Interestingly, despite his flaws, the authors won't rule out endorsing him again one day.

Koch-Tied Groups Funded GOP Effort to Mess With Electoral College Rules

| Fri Jan. 31, 2014 9:26 AM EST

A Koch brothers mask at a 2013 protest.

Last election season, a shadowy nonprofit pumped hundreds of thousands of dollars into a campaign to change how electoral votes are counted. The group didn't disclose who was funding its efforts—a fact that Mother Jones highlighted in a story titled "Who's Paying for the GOP's Plan to Hijack the 2012 Election?" But now, thanks to Citizens for Responsibility and Ethics in Washington (CREW), a nonpartisan government watchdog, it's clear that organizations with ties to billionaire industrialists Charles and David Koch footed at least some of the bill.

Each state and the District of Columbia has a certain number of electoral votes, based on their population, and they get to decide for themselves how those votes should be allotted. Currently, every state except Maine and Nebraska gives all of their electoral votes to the candidate who wins the statewide popular vote. But in 2011, GOP lawmakers in Pennsylvania and Wisconsin introduced bills that would divide electoral votes among candidates based on how many congressional districts they won. Because Republicans drew the boundaries of the districts in those states, this scheme would be almost certain to hand Republican presidential candidates the majority of their electoral votes—even if more voters cast ballots for Democrats. (Read more about how the plan would work here.) Presuming the race is close enough, this could decide the nationwide outcome.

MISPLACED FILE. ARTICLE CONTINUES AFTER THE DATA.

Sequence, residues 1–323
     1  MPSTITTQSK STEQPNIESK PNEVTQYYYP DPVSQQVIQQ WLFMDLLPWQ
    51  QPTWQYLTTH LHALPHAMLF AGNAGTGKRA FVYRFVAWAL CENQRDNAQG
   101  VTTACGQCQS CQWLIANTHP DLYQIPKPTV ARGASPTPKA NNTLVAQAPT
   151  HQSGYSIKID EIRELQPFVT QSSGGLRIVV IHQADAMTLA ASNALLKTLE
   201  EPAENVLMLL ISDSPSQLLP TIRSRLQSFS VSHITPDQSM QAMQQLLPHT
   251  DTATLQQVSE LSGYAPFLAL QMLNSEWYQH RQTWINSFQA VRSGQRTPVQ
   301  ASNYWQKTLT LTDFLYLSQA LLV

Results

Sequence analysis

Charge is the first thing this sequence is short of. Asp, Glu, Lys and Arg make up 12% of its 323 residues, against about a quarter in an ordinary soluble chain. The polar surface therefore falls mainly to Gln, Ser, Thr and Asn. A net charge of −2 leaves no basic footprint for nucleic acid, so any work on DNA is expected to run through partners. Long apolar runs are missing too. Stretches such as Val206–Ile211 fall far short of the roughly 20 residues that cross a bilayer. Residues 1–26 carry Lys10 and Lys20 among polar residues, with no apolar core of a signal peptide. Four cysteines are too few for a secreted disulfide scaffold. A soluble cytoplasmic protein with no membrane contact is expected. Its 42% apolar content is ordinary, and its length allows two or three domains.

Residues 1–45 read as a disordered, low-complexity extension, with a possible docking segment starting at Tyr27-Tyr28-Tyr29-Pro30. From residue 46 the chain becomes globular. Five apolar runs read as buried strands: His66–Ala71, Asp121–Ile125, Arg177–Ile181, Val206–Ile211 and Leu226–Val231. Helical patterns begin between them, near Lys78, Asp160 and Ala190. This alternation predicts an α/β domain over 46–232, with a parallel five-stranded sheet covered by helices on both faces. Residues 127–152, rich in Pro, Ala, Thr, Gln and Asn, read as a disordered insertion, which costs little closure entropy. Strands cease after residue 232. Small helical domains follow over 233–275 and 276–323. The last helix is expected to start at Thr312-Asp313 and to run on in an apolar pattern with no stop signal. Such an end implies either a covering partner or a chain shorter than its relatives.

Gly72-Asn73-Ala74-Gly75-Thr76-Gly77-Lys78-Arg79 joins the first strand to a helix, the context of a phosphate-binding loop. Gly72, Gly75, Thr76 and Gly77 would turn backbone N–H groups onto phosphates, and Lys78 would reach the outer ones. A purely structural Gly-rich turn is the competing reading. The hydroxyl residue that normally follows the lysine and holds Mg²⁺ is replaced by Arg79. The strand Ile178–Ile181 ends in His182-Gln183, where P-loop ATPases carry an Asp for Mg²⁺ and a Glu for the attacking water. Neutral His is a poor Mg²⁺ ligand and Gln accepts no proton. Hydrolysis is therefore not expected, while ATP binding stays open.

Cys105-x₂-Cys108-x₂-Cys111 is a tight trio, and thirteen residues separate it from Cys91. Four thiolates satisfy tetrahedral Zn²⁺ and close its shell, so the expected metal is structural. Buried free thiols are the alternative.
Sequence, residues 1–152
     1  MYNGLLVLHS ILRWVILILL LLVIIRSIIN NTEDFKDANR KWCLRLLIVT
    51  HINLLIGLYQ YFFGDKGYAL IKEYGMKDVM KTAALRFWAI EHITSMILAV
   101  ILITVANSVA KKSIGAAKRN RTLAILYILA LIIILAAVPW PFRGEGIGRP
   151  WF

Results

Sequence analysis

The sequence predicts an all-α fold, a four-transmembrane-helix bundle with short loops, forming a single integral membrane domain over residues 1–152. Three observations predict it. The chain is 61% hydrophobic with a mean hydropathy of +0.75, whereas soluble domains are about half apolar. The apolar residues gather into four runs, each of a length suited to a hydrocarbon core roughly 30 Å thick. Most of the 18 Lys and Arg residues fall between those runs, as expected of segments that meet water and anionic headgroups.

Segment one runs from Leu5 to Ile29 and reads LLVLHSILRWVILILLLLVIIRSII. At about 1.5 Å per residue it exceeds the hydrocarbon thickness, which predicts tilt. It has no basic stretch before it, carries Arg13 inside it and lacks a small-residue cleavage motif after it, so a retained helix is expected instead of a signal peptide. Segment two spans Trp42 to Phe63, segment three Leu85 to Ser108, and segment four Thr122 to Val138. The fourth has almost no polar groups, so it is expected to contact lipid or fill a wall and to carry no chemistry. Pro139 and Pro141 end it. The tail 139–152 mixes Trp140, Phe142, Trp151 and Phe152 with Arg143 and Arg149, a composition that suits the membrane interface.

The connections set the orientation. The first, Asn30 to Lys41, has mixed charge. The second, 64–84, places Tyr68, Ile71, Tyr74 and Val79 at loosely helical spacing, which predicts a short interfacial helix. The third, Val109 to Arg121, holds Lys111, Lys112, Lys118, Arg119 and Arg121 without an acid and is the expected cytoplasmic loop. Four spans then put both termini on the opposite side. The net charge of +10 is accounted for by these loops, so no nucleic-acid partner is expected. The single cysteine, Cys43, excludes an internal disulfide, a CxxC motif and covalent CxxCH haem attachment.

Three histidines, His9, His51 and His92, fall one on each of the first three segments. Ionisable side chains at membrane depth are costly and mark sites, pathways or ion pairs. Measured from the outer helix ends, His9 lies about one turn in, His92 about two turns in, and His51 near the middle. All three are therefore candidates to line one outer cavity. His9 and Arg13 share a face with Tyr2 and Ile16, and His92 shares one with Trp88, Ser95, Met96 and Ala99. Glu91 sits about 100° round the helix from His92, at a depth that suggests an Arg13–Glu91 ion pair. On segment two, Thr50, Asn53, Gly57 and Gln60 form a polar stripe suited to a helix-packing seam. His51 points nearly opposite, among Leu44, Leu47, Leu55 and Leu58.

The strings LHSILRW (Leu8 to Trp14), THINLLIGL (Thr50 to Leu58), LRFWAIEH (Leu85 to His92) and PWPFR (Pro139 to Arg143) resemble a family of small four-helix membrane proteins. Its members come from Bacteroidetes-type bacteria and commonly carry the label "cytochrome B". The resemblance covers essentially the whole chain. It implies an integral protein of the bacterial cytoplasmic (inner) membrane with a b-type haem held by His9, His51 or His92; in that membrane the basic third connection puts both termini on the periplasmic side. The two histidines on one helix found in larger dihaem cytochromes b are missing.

In the case of Pennsylvania, a mysterious nonprofit called All Votes Matter spent large sums lobbying for these changes. Local officials wondered about its funding sources. "They raised an awful lot of money very quickly—$300,000 in just a few days," Democratic Pennsylvania state Sen. Daylin Leach told Mother Jones at the time. "We're all curious where that level of funding comes from." But All Votes Matter didn't disclose its donors, nor did it have to. The group is organized as a 501(c)4 "social welfare" nonprofit, which means that it can spend money on politics while keeping its donors secret. (Such groups are not supposed to spend more than half of their budget on political causes, but IRS enforcement is slack.) Thus the public knew little about the agendas behind this effort to upend the mechanics of presidential elections.

Fri Apr. 25, 2014 1:42 PM EDT